# Finding lowest element in every row of a nested list

I have a nested list which looks like this.

``````[[0.0, 1.4142135623730951, 2.8284271247461903, 2.23606797749979],
[1.4142135623730951, 0.0, 1.4142135623730951, 1.0],
[2.8284271247461903, 1.4142135623730951, 0.0, 1.0],
[2.23606797749979, 1.0, 1.0, 0.0]]
``````

I want to find the minimum element in every sub list. Thanks for the help!

• Well, what have you tried? – pstatix Dec 17 '17 at 3:22
• Honestly I tried googling this answer before before posting. I am not sure why people are giving negative feedback to the question. Did I do something wrong? – Ashley Larson Dec 17 '17 at 3:36
• @AshleyLarson Surely you have tried something? – RoadRunner Dec 17 '17 at 3:40
• All your numbers are square roots of integers, the main diagonal is all zeros, and the matrix is symmetric. Why? What problem are you really solving? XY Problem. – Stefan Pochmann Dec 17 '17 at 3:53
• I am trying to solve the travelling salesman problem. The nested list is the distance matrix for 4 different cities. So choosing zeros would not make sense. So I replaced all the zeros by a very high number and now the next problem I am stuck is about not repeating the indexes. – Ashley Larson Dec 17 '17 at 4:00

Well because others are already posting answers, you can store the minimum value of each sublist in a list using what is called list comprehension like so:

`new_s = [min(x) for x in s]`

Python has a built-in `min()` function that takes an iterable (i.e. one of your sublists) and finds the minimum value. By using list comprehension you build a list of those values. It can be read as:

"A list of minimum values for each x (sublist) in s (parent list)"

Edit: For commented use:

`new_s = [sorted(x)[1] for x in s]`

"A list of the 2nd element in the sorted array of x for each x (sublist) in s (parent list)"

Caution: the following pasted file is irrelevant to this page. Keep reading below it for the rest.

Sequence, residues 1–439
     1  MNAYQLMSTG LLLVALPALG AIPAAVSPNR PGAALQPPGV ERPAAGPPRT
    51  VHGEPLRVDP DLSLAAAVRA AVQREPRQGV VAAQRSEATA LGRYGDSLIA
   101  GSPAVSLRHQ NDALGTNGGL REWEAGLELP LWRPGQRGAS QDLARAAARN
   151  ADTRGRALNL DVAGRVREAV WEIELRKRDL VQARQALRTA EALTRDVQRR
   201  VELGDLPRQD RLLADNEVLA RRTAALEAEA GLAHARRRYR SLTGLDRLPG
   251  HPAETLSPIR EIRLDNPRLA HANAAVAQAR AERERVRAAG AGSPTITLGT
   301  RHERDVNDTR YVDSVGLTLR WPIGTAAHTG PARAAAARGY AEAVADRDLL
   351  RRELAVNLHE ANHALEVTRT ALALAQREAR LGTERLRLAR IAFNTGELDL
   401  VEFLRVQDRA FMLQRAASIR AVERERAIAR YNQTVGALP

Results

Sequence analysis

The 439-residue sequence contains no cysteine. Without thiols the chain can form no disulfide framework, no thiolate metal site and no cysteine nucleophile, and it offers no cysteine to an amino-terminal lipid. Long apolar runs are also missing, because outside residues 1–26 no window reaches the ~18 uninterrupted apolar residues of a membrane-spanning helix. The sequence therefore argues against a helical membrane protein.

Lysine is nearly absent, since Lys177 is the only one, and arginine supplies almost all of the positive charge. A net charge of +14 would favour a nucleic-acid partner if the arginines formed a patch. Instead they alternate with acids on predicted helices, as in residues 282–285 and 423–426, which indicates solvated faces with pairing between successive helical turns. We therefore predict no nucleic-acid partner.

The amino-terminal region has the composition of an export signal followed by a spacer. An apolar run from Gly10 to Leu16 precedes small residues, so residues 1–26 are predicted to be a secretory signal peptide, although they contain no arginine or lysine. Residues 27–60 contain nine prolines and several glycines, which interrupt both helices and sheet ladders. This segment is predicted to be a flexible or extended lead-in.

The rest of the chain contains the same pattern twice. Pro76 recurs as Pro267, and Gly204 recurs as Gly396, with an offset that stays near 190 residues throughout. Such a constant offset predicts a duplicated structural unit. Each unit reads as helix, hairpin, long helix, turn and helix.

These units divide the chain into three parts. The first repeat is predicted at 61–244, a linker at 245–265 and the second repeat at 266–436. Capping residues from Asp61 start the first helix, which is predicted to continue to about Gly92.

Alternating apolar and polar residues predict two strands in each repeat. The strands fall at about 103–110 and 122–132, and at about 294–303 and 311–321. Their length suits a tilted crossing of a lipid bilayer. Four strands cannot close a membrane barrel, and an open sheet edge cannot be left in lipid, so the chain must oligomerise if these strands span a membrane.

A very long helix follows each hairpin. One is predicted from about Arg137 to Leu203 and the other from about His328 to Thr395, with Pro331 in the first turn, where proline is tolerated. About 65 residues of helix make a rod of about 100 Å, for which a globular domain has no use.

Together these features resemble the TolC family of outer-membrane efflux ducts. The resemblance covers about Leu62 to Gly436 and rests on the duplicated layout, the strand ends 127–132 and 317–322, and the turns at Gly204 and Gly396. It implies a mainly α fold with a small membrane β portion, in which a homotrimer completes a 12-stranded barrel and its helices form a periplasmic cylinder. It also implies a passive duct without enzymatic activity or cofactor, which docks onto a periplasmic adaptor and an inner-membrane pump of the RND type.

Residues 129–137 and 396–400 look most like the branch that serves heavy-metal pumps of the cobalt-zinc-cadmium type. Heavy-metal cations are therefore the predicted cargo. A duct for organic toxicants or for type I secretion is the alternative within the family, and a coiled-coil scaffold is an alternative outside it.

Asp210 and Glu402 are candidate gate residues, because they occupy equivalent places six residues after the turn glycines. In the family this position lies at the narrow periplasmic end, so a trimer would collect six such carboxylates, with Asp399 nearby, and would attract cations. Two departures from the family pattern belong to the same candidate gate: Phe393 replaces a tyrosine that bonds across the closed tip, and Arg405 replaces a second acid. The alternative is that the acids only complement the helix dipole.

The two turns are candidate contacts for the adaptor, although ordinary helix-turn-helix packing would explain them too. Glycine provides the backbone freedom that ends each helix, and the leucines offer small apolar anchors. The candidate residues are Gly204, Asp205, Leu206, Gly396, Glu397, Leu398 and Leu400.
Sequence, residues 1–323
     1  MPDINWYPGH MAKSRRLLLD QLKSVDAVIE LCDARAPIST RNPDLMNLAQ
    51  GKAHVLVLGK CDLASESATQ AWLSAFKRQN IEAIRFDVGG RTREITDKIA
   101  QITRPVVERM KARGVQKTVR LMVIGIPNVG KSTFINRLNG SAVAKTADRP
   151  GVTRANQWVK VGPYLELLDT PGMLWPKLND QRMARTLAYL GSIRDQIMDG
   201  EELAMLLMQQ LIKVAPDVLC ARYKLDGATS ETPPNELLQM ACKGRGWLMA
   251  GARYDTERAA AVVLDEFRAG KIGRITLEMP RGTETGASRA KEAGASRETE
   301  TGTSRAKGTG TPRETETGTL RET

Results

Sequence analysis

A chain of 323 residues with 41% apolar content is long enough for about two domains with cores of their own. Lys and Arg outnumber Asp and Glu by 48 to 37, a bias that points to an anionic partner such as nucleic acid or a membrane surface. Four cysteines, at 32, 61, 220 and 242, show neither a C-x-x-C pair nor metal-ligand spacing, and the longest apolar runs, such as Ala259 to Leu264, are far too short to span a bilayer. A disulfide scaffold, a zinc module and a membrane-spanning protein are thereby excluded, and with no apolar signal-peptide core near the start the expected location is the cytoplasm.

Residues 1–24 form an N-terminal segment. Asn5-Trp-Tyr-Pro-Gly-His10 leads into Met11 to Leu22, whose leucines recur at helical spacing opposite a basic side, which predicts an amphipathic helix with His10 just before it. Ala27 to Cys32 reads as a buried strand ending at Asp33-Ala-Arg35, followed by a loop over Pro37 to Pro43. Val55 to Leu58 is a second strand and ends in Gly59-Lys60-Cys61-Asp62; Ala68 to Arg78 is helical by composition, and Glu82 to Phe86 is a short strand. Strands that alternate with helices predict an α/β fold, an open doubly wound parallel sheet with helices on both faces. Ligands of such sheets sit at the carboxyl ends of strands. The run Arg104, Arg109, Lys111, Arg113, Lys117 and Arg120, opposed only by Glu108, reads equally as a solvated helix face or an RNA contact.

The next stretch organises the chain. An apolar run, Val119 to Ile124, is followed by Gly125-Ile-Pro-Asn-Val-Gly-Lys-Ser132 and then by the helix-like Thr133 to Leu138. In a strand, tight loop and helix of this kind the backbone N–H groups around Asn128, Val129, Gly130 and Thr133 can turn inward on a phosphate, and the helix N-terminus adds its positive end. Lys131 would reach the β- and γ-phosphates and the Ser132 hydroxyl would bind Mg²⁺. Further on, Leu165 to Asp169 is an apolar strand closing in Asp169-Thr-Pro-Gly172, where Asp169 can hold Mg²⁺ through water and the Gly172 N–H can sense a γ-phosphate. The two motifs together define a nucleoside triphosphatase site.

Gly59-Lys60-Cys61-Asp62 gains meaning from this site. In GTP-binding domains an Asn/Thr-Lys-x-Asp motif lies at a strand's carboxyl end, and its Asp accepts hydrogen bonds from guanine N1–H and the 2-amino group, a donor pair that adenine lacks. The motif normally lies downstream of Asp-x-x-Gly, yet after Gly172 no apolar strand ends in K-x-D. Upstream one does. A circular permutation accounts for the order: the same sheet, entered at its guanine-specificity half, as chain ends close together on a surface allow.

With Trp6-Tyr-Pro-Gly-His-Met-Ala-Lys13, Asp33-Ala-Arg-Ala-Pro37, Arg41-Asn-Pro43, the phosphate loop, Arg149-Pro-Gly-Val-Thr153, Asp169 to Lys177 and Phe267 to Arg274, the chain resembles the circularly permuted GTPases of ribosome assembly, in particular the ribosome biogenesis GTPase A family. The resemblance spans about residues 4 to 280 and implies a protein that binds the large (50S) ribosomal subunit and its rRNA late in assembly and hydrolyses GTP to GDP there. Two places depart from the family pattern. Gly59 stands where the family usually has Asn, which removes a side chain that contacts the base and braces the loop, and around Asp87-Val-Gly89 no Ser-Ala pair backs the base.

• If I need not the lowest element but the second lowest element. I tried something like new_s=[min(x) for x in s if min(x)>0] but it gave the same answer. – Ashley Larson Dec 17 '17 at 3:48
• @AshleyLarson Please see my edit. However, you really should have updated your question if your true goal was to get the 2nd to lowest, not the lowest. – pstatix Dec 17 '17 at 22:58
• I replaced all the zeros with a very large number and used your method then. It worked fine. – Ashley Larson Dec 17 '17 at 23:28
• @AshleyLarson But do you understand what has happened. That is more important than "it worked fine" – pstatix Dec 17 '17 at 23:34
• Yep you created a sorted list and then chose the element with index 1. Thanks for the answer! – Ashley Larson Dec 19 '17 at 0:19

You can use `map`, which is slightly more efficient than list comprehension when utilizing a builtin function, in this case `min`:

``````s = [[0.0, 1.4142135623730951, 2.8284271247461903, 2.23606797749979],
[1.4142135623730951, 0.0, 1.4142135623730951, 1.0],
[2.8284271247461903, 1.4142135623730951, 0.0, 1.0],
[2.23606797749979, 1.0, 1.0, 0.0]]
new_s = list(map(min, s))
``````

Output:

``````[0.0, 0.0, 0.0, 0.0]
``````

An alternative list comprehension as @pstatix mentioned:

``````new_s = [min(i) for i in s]
``````
• That does not output that. In fact, `new_s` will store a `map` object. You have to convert the `map` to a `list` by setting `new_s = list(map(min, s))`. – pstatix Dec 17 '17 at 3:24
• Better yet is list comprehension: `new_s = [min(x) for x in s]` – pstatix Dec 17 '17 at 3:24
• It's self explanatory, isn't it? – P.hunter Dec 17 '17 at 3:42
• For something as simple as this, both are pythonic solutions. – RoadRunner Dec 17 '17 at 3:45
• @StefanPochmann one would declare an empty list, and then followed by a for loop and a operation to append to that list with `min()` or do the stuff within the `[]` which increases the readability, I'd choose latter ,for you i don't know. – P.hunter Dec 17 '17 at 3:47